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From: <GSLevy.domain.name.hidden>

Date: Sat, 21 Aug 1999 17:47:58 EDT

In a message dated 99-08-19 18:46:00 EDT, Jacques Mallah writes:

<< Since the number of implementations is infinite and they are

parameterized by continuous parameters, only infinite groups of them have

any significance. This is analagous to coloring a surface. It does not

matter if one point on a surface is colored, what matters is the *area*

that is colored. Measure is analagous to such an area. It is

quantifiable because just as two people have twice as much consciousness

as one person, doubling the number of implementations would double the

measure.

* >>
*

Jacques, I have a lot of trouble understanding what your conception of

measure is. Can it be expressed in some kind of units such as bits for

example? If it it can be expressed in bits, how can making two copies of an

identical document increase the amount of information (i.e., measure) ?

Or is measure just the number of copies of the document without regard to the

information? Then, what possible significance (your word) would there be in

differentiating between the original and the copy?

If measure is conserved, does making a copy spreads the measure between the

original and the copy, and thus the original ends up with less measure?

If measure is not conserved, does making a copy generates more measure?

You use the word "significance." Why? Is it the same as saying that measure

has "value?" Is an original more "valuable" or have more measure than the

copy? Furthermore, why would deleting either the original or the copy be a

loss in measure?

Could you please assign some units to quantify measure so that we can assess

its conservation (and other) properties. I believe that this is the first

step that must be taken to have a meaningful discussion.

George

Received on Sat Aug 21 1999 - 15:04:08 PDT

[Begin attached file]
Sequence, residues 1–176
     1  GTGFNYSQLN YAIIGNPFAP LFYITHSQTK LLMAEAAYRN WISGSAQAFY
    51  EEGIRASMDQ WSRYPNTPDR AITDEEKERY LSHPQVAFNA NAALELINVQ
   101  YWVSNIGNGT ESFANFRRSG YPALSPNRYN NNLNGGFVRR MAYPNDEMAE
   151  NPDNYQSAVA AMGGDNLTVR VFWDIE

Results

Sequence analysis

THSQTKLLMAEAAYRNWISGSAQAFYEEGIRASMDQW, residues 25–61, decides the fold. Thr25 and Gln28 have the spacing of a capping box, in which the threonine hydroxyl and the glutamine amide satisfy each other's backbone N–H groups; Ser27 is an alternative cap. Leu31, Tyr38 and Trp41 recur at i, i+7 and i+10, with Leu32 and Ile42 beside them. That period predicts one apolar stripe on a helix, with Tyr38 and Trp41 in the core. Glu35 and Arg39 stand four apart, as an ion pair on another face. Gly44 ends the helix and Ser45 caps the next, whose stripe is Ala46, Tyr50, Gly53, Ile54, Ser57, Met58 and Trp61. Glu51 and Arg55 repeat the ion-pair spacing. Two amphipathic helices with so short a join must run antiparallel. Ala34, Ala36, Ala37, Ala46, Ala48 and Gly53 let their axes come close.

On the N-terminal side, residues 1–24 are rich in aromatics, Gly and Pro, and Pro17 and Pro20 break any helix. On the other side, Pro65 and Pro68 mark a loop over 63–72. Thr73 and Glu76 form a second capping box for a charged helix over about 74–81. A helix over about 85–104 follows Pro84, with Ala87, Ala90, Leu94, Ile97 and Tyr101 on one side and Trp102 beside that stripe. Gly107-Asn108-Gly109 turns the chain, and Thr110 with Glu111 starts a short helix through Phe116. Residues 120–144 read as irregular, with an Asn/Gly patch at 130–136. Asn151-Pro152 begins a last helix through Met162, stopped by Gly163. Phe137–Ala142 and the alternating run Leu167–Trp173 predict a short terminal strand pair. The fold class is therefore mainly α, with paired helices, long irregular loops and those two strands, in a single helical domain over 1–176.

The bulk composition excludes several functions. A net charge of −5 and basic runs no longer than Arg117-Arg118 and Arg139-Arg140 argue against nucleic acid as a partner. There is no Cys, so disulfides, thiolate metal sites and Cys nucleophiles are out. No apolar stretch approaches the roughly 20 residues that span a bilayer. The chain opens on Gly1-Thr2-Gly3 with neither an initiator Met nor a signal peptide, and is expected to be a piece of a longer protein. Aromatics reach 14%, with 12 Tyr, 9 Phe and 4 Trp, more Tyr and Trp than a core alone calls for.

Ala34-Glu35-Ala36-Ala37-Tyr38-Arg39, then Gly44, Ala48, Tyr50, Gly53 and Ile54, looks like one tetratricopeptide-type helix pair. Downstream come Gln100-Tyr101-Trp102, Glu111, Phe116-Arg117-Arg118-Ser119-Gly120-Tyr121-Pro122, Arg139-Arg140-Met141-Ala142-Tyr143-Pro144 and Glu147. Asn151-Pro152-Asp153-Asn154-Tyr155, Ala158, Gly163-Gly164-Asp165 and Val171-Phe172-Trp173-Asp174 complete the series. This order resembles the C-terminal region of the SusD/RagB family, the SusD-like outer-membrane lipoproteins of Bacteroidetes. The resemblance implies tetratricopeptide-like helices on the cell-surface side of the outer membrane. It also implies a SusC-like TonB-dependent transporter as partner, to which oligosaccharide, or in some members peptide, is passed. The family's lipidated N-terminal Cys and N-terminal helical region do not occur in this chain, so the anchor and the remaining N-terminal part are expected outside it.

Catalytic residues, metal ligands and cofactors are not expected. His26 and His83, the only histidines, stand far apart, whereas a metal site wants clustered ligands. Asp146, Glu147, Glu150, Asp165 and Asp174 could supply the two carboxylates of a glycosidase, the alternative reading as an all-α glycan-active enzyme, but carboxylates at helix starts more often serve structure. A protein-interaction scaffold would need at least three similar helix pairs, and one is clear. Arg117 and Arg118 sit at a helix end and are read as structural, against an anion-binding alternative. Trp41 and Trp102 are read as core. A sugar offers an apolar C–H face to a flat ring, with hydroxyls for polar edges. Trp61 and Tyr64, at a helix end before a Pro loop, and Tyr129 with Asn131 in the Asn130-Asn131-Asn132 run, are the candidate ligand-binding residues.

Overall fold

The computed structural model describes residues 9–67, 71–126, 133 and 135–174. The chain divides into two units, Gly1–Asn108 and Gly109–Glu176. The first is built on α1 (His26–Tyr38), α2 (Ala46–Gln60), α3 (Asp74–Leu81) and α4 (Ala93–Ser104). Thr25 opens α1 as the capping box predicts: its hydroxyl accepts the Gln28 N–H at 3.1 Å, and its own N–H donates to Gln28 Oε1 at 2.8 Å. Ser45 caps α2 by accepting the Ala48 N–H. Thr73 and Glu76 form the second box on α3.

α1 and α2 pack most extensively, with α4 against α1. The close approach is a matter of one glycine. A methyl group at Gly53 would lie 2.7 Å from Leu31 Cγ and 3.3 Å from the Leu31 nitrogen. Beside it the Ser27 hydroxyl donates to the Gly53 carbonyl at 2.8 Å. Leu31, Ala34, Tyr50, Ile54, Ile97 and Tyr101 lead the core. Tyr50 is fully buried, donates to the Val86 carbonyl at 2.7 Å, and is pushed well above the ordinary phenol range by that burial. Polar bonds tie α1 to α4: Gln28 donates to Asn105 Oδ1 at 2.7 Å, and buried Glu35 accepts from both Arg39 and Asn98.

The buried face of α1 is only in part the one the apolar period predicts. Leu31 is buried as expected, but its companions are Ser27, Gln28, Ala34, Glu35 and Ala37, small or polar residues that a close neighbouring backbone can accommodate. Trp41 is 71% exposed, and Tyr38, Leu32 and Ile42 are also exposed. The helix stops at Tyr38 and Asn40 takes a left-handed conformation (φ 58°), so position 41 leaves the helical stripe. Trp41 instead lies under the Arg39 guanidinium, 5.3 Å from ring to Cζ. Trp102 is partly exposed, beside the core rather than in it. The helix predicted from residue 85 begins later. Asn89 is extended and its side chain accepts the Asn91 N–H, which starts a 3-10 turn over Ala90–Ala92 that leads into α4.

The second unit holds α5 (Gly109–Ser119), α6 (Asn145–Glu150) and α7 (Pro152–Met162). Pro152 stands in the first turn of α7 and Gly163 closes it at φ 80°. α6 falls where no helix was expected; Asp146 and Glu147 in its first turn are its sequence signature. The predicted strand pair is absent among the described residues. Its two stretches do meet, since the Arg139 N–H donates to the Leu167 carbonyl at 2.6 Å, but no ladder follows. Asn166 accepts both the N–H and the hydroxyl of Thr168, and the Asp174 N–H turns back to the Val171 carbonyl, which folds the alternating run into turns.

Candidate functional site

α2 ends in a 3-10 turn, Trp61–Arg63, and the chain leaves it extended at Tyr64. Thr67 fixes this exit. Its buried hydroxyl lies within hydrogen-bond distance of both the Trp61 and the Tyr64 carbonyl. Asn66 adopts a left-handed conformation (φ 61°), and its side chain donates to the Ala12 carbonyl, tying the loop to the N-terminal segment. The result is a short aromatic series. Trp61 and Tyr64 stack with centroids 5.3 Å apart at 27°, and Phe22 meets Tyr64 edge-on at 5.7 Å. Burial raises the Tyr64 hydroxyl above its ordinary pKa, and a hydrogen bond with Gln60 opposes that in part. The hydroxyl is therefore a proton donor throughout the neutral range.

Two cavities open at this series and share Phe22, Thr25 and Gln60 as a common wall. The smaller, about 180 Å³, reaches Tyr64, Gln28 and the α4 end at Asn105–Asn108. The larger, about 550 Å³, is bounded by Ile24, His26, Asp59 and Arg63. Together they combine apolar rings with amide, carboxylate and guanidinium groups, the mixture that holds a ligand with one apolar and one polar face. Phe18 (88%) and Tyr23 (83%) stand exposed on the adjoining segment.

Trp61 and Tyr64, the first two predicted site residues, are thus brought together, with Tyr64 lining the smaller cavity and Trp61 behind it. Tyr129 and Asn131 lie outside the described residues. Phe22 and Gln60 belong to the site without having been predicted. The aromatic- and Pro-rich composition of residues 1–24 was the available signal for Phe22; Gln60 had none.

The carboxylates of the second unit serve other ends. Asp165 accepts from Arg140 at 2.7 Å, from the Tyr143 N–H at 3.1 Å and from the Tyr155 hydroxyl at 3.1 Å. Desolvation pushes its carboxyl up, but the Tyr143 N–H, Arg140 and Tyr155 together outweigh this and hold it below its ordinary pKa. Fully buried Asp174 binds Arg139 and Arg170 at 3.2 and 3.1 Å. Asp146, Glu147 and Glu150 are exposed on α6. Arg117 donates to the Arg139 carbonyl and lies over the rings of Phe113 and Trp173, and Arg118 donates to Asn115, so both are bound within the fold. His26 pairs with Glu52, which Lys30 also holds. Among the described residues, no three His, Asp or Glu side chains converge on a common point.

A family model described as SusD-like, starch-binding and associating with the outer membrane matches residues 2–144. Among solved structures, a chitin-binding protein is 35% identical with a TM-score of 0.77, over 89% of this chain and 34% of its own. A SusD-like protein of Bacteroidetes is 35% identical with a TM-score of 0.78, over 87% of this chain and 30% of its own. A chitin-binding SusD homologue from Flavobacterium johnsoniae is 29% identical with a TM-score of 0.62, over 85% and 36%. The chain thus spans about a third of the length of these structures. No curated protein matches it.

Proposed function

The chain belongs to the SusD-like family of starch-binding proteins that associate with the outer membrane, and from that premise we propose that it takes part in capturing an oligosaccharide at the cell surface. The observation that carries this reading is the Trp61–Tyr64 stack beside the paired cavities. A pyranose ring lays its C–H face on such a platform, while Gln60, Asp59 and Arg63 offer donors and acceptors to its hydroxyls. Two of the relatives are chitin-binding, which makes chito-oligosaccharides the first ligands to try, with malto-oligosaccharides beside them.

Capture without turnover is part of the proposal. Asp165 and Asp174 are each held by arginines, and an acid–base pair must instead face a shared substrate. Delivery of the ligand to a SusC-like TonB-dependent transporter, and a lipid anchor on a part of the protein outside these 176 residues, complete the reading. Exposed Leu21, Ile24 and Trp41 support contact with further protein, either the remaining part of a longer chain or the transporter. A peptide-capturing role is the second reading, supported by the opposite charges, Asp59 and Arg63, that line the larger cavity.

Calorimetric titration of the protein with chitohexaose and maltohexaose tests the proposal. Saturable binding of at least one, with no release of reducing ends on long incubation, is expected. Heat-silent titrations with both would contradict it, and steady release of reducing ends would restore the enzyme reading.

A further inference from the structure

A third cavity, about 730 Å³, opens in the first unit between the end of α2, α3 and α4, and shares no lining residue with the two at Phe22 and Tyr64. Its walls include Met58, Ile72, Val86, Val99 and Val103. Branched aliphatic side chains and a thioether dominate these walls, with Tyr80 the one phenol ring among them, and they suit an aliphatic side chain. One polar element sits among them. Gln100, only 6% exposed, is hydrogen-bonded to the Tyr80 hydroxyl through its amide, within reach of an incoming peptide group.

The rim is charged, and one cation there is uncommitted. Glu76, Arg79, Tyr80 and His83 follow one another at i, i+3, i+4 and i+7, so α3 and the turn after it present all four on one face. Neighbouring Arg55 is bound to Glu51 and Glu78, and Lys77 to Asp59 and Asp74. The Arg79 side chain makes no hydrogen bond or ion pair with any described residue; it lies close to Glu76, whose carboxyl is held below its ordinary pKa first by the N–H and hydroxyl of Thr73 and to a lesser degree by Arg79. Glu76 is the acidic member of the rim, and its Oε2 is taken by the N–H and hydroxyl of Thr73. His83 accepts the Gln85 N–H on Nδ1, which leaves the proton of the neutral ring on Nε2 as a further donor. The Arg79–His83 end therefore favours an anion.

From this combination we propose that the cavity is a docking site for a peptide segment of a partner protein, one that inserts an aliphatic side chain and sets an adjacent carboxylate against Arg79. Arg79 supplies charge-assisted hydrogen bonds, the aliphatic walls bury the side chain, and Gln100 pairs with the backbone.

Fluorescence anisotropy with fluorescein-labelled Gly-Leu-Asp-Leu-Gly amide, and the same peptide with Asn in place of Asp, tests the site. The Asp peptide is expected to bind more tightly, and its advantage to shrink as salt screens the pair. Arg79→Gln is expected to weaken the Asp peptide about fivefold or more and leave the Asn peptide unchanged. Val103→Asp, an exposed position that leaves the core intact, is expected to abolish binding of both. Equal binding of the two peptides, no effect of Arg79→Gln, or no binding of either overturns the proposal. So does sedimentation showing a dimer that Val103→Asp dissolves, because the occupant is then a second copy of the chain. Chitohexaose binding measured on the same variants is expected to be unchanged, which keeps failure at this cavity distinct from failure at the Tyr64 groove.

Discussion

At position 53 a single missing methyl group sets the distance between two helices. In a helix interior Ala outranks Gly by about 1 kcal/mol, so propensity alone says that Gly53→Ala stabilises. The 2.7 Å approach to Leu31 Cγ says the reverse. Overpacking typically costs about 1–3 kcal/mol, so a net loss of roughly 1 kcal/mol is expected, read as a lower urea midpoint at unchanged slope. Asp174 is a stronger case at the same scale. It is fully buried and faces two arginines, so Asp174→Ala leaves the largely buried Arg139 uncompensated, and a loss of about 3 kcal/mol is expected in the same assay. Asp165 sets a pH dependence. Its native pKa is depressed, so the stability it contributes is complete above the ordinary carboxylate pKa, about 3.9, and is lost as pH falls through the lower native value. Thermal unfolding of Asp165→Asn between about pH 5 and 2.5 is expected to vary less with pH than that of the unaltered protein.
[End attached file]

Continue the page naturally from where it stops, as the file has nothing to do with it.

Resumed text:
Date: Sat, 21 Aug 1999 17:47:58 EDT

In a message dated 99-08-19 18:46:00 EDT, Jacques Mallah writes:

<< Since the number of implementations is infinite and they are

parameterized by continuous parameters, only infinite groups of them have

any significance. This is analagous to coloring a surface. It does not

matter if one point on a surface is colored, what matters is the *area*

that is colored. Measure is analagous to such an area. It is

quantifiable because just as two people have twice as much consciousness

as one person, doubling the number of implementations would double the

measure.

Jacques, I have a lot of trouble understanding what your conception of

measure is. Can it be expressed in some kind of units such as bits for

example? If it it can be expressed in bits, how can making two copies of an

identical document increase the amount of information (i.e., measure) ?

Or is measure just the number of copies of the document without regard to the

information? Then, what possible significance (your word) would there be in

differentiating between the original and the copy?

If measure is conserved, does making a copy spreads the measure between the

original and the copy, and thus the original ends up with less measure?

If measure is not conserved, does making a copy generates more measure?

You use the word "significance." Why? Is it the same as saying that measure

has "value?" Is an original more "valuable" or have more measure than the

copy? Furthermore, why would deleting either the original or the copy be a

loss in measure?

Could you please assign some units to quantify measure so that we can assess

its conservation (and other) properties. I believe that this is the first

step that must be taken to have a meaningful discussion.

George

Received on Sat Aug 21 1999 - 15:04:08 PDT

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